An old painting discovered in the attic of a French farmhouse has been revealed as a lost masterpiece by Caravaggio, worth more than $100 million.
The early 17th century work ‘Judith and Holofernes’ was found in 2014 by auctioneer Marc Labarbe, after spending over a century gathering dust in the house in Toulouse.
Having been authenticated by several leading experts, the fully-restored painting will be offered at auction in June where it’s expected to fetch up to $170 million.
“There are only 65 of his paintings in the world, and I found the 66th painting in an attic,” Labarbe told CNN. “It’s incredible, but it’s true.”
The remarkable story began in 2014, when Labarbe was called in to evaluate the contents of an old farmhouse in Toulouse.
He helped the owner sell numerous pieces, but after clearing most of the attic one item remained: a large canvas leaning against a wall, covered with a thick layer of dust and stained from an old water leak.
To the untrained eye it looked worthless – so much so that, when thieves had broken into the house years earlier, they had taken several antiques from the attic but left the painting untouched.
However, Labarbe’s years of expertise meant that he immediately noticed the quality of the painting. He gently cleaned a small portion with a cloth and took several photographs, which he then sent through to art appraiser Eric Turquin.
“They called me and told me a bombshell had arrived in the office,” recalled Turquin. “Then and there I knew that I was going to see a very important painting.”
It would take a further five years of painstaking research before they reached their dramatic conclusion: that the painting was indeed a lost masterpiece by the Italian Renaissance artist Caravaggio, painted circa 1607.
The work depicts the biblical story of Judith, a widow from the city of Bethulia, who seduced and then murdered the Assyrian general Holofernes to save her city.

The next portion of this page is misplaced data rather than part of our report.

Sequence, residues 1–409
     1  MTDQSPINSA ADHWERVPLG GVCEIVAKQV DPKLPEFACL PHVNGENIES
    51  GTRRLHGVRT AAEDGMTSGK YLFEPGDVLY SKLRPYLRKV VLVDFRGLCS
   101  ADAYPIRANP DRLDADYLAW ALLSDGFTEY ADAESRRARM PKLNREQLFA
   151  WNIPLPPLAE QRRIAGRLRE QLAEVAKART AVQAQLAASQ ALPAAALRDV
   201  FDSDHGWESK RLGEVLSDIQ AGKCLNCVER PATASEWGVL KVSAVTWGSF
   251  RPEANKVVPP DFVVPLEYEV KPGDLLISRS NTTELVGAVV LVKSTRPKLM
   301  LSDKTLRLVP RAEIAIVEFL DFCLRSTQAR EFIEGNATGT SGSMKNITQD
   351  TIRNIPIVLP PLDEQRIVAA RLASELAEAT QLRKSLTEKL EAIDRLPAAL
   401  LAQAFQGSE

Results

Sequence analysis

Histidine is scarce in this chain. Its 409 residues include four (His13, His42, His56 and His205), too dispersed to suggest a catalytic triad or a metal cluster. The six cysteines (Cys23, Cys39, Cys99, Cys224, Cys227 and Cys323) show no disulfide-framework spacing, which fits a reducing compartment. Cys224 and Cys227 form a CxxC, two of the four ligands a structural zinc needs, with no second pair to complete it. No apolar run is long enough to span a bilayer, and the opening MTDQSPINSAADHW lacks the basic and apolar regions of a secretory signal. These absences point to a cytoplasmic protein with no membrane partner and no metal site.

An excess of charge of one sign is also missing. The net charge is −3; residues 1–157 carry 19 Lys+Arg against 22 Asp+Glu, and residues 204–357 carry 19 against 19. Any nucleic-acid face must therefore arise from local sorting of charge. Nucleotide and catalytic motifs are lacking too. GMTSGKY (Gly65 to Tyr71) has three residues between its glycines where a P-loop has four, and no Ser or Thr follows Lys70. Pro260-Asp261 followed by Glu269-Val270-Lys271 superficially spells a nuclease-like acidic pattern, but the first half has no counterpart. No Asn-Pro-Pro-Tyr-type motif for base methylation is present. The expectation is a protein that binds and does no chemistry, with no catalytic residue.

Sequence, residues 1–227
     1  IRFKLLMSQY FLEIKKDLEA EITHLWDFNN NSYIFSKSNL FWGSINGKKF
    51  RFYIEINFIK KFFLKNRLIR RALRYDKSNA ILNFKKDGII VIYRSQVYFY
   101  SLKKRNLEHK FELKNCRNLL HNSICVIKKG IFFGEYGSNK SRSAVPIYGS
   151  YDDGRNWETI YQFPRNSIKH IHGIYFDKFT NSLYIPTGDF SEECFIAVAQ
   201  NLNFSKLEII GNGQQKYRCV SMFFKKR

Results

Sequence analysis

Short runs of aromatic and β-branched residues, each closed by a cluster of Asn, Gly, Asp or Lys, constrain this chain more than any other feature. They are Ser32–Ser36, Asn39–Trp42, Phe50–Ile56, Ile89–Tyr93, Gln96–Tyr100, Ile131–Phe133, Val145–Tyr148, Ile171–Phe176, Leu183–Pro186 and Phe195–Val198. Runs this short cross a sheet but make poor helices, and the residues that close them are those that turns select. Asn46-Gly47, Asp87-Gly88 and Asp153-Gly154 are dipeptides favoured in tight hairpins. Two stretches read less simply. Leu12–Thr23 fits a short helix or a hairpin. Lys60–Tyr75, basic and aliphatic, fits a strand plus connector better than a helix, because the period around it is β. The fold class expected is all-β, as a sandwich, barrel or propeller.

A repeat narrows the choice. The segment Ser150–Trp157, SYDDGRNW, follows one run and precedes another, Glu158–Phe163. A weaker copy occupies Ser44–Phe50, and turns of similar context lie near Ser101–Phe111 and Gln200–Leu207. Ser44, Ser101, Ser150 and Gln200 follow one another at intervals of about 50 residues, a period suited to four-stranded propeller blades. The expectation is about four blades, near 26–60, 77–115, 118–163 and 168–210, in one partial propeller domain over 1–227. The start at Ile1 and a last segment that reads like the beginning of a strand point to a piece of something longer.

The early history of the work is supported by four documents, but it disappeared from view around 1689 and its history since then is unknown.
How it ended up in the attic of a French farmhouse more than 300 years later remains a mystery, but according several Carvaggio experts the painting’s authorship is unmistakable.
“A 17th century painter has a signature just like a musician, as all artists, and we recognize his signature,” said Turquin. “It’s Caravaggio because it can’t be anyone else.”
The painting was unveiled to the public this week during an exhibition at the Colnaghi Gallery in London, and will head to New York in May before returning to Toulouse ahead of the sale on June 27.
Although the attribution of the painting is not universally agreed upon, and has caused controversy in the art world, the real test of its authenticity will come when it hits the auction block.
Of the 65 previously known works by Caravaggio, 63 are owned by either major museums or churches. Just two remain in private hands, and only one has ever appeared at public auction, making the upcoming sale a potentially historic opportunity.
“For an auctioneer to find a painting such as this one is fabulous,” said Labarbe. “When my son was small I used to tell him the story of Caravaggio, because when I was a student [he] was an artist I felt passionate about.
“It is for this reason you do your work studying artists, studying Caravaggio, and you find a Caravaggio: what could be greater than that in the career of an auctioneer? Nothing… nothing at all.”